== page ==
But... maybe he actually is just deluding himself, and I'm overestimating Democratic Party strategic thought. I don't know.
    •  
      CommentAuthorScribe
    • CommentTimeSep 30th 2012
     (10833.7)
    That seems too simple to me, though. I mean, it's plain to all of us here, certainly, and presumably most Democrats in general, that playing nice with the Republicans is not going to inspire them to behave courteously back. I can't believe that someone like Reid, who has managed to get elected to office multiple times presumably through some sort of political strategy, could make such an obvious error of judgment, unless he's erroneously assuming that playing nice will allow the party to sway middle of the road "Both Parties Are Equally To Blame" wishy-washy voters.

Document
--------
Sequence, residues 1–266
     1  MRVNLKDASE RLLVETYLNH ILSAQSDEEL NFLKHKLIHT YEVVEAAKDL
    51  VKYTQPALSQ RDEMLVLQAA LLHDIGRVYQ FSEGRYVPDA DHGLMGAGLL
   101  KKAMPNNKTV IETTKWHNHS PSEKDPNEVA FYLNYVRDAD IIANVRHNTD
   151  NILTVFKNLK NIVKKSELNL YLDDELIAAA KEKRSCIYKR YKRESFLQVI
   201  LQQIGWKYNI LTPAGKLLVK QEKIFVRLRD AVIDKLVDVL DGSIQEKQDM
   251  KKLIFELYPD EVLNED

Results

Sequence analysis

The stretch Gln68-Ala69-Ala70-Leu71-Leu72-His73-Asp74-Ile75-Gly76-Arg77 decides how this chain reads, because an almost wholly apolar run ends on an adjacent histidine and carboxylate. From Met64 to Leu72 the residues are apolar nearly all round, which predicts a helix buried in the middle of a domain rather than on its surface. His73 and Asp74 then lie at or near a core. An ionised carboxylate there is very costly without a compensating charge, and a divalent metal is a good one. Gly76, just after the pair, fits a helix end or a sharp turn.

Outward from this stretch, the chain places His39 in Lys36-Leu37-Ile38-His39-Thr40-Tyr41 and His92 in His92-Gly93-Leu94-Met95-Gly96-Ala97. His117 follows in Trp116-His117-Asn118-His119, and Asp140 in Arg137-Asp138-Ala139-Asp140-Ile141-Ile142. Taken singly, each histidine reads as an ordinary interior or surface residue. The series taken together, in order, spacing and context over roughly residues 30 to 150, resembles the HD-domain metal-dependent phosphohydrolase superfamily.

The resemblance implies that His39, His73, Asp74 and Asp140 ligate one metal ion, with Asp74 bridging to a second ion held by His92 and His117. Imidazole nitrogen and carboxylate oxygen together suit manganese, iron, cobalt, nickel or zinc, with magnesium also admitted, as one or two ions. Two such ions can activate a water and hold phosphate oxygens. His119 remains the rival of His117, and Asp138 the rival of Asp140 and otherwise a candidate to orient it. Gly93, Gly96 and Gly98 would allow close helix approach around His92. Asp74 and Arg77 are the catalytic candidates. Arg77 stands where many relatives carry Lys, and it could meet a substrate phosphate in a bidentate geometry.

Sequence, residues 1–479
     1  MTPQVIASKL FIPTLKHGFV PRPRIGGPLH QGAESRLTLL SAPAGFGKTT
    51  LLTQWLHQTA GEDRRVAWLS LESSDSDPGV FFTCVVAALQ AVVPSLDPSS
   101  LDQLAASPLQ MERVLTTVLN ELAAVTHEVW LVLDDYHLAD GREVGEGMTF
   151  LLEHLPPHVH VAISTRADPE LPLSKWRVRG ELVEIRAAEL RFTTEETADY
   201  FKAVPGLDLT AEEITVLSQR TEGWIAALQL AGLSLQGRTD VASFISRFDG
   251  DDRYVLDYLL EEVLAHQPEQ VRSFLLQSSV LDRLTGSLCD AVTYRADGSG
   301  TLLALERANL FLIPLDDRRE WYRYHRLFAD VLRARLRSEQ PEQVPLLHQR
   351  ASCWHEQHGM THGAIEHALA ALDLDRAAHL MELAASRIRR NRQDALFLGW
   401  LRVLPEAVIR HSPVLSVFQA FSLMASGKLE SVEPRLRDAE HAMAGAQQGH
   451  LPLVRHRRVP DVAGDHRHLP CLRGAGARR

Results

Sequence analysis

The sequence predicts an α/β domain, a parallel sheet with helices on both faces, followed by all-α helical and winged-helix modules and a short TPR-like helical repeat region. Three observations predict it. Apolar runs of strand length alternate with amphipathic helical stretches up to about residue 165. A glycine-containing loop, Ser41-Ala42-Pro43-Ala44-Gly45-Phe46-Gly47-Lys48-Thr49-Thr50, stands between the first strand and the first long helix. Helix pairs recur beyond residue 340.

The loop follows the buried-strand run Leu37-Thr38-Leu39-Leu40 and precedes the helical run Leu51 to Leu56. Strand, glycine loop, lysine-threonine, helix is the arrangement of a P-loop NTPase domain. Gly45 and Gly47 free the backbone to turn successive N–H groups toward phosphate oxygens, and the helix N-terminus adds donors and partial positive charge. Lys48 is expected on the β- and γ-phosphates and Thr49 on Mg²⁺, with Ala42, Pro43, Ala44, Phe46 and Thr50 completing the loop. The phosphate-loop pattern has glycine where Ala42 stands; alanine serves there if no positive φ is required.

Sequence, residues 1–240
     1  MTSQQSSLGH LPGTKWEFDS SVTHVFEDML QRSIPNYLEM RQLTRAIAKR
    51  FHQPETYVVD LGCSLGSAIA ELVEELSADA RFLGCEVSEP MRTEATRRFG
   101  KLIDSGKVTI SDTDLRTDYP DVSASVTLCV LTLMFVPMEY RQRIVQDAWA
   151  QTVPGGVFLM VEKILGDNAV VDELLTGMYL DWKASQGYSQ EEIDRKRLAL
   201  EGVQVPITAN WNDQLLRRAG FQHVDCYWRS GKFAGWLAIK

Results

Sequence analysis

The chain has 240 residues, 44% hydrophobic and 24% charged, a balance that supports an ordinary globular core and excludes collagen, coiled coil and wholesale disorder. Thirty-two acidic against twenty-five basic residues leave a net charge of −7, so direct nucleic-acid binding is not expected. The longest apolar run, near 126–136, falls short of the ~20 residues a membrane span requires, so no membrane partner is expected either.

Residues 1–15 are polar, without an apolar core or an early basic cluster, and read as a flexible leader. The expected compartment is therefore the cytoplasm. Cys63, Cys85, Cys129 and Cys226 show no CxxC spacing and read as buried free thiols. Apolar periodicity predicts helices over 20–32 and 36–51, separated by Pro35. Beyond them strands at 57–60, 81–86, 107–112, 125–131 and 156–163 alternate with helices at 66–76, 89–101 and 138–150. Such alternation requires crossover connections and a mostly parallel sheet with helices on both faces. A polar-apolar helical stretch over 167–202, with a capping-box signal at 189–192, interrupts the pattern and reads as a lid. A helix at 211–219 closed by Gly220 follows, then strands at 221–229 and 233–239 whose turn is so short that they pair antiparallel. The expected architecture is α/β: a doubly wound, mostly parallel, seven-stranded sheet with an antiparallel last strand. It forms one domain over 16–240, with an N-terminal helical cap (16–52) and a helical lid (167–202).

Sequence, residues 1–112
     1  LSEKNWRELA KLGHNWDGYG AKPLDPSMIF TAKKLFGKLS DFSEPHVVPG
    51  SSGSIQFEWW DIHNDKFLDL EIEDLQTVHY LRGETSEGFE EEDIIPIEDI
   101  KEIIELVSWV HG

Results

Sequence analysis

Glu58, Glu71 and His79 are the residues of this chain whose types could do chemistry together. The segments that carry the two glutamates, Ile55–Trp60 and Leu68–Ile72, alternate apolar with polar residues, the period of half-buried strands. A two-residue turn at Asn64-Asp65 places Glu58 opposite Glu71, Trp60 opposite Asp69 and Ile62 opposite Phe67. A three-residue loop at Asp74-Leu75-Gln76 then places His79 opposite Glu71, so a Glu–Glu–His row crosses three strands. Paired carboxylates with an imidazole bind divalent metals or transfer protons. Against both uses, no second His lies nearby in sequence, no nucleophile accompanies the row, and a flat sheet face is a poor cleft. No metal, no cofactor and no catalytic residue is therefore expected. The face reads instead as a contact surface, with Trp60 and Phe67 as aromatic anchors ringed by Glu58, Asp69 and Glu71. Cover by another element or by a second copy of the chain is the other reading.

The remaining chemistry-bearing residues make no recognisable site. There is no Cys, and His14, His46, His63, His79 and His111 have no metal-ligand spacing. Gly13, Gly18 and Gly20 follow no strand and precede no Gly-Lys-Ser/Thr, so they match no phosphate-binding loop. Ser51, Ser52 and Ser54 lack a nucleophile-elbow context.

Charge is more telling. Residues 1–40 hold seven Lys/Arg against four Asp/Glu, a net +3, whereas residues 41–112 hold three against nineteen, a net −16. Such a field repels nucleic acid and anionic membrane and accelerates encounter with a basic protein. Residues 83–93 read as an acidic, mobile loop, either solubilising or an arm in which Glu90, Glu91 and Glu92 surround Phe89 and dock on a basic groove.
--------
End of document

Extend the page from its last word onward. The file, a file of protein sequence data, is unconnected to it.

But... maybe he actually is just deluding himself, and I'm overestimating Democratic Party strategic thought. I don't know.


    Reid barely won his last election. Nevada is purple, and Reid has to pander to the masses of a semi-redneck state. But Reid is, also, a believer in decorum. He hates when the senate deviates from gentlemanly traditions, but willingly bends over and grabs his ankles when Republicans break from tradition. Well, maybe willingly is a bad term, he just looks like he's willing since he doesn't want to upset his electorate.
  4.  (10833.8)
    Ah. Well, that makes more sense, then, in a depressing sort of way, thanks. Man, no matter how cynical I think I've become, it's apparently never quite enough.